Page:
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First published online June 4, 2013

Developmental Origins of the Other-Race Effect

Abstract

The other-race effect (ORE) in face recognition refers to better recognition memory for faces of one’s own race than faces of another race—a common phenomenon among individuals living in primarily mono-racial societies. In this article, we review findings suggesting that early visual and sociocultural experiences shape one’s processing of familiar and unfamiliar race classes and give rise to the ORE within the 1st year of life. However, despite its early development, the ORE can be prevented, attenuated, and even reversed given experience with a novel race class. Social implications of the ORE are discussed in relation to development of race-based preferences for social partners and racial prejudices.

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Published In

Article first published online: June 4, 2013
Issue published: June 2013

Keywords

  1. other-race effect
  2. perceptual narrowing
  3. face perception
  4. face recognition
  5. face processing

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© The Author(s) 2013.
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History

Issue published: June 2013
Published online: June 4, 2013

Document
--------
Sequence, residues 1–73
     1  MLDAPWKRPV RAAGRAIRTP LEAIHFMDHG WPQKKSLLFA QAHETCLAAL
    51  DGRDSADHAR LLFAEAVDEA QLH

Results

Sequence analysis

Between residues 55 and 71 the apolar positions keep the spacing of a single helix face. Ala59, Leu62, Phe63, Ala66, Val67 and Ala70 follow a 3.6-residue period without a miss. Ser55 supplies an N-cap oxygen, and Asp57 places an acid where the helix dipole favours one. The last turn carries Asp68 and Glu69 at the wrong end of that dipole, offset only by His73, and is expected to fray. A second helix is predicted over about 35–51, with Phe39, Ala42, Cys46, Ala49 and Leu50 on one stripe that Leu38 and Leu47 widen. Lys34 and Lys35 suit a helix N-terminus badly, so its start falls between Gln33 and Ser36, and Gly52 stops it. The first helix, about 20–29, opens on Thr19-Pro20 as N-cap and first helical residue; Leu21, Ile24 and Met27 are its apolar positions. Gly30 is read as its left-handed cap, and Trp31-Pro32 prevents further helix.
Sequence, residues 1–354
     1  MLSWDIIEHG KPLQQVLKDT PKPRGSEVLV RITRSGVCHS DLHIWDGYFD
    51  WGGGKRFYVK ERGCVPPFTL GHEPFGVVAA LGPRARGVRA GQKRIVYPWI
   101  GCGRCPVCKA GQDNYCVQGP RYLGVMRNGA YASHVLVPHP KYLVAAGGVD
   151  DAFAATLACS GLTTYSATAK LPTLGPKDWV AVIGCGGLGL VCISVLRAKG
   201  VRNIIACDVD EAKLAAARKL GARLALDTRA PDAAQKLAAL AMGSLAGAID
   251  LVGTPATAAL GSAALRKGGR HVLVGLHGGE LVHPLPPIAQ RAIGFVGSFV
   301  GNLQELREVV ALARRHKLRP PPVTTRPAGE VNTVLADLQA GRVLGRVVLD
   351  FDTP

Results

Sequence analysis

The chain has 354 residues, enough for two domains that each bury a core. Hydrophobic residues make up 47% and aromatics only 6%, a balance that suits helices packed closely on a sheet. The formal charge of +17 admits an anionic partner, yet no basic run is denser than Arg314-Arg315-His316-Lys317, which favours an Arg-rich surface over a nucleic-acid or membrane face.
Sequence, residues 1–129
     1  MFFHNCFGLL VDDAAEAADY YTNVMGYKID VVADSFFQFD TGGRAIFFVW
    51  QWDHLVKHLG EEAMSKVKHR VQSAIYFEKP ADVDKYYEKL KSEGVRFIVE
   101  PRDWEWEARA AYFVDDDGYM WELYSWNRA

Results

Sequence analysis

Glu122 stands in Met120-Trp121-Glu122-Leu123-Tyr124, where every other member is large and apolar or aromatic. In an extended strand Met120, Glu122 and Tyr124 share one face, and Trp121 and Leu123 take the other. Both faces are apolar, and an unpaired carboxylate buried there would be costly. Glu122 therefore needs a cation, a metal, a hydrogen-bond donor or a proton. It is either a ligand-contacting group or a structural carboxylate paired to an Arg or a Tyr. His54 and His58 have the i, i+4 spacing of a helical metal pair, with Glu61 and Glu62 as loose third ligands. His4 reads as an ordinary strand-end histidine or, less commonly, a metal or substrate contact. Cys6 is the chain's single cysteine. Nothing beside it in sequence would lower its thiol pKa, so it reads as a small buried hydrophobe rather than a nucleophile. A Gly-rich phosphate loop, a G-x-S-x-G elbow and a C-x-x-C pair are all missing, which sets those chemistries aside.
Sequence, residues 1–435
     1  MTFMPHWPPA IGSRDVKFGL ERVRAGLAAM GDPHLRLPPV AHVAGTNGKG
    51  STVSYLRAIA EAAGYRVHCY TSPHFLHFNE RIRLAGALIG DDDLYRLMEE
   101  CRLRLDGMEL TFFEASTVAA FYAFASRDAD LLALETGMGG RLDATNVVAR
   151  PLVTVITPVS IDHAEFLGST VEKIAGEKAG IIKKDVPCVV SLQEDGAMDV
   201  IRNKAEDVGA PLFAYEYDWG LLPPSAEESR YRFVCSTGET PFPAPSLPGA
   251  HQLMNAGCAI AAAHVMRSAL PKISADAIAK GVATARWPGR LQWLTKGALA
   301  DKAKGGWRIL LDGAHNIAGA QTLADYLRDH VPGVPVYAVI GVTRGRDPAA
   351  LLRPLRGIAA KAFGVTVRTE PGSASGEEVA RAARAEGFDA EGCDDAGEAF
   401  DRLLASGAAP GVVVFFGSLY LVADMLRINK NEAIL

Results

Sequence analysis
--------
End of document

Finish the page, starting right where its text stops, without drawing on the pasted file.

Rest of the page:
PubMed: 24049246

Authors

Affiliations

Gizelle Anzures
Centre for Brain and Cognitive Development, Birkbeck, University of London
Paul C. Quinn
Department of Psychology, University of Delaware
Olivier Pascalis
Laboratoire de Psychologie et Neurocognition, Université Pierre Mendes France
Alan M. Slater
School of Psychology, University of Exeter
James W. Tanaka
Department of Psychology, University of Victoria
Kang Lee
Institute of Child Study, University of Toronto

Notes

Gizelle Anzures, Centre for Brain and Cognitive Development, Henry Wellcome Building, School of Psychology, Birkbeck, University of London, Malet St., London, WC1E 7HX, United Kingdom E-mail: [email protected]
Kang Lee, Dr. Eric Jackman Institute of Child Study, University of Toronto, 45 Walmer Rd., Toronto, Ontario, M5R 2X2, Canada E-mail: [email protected]

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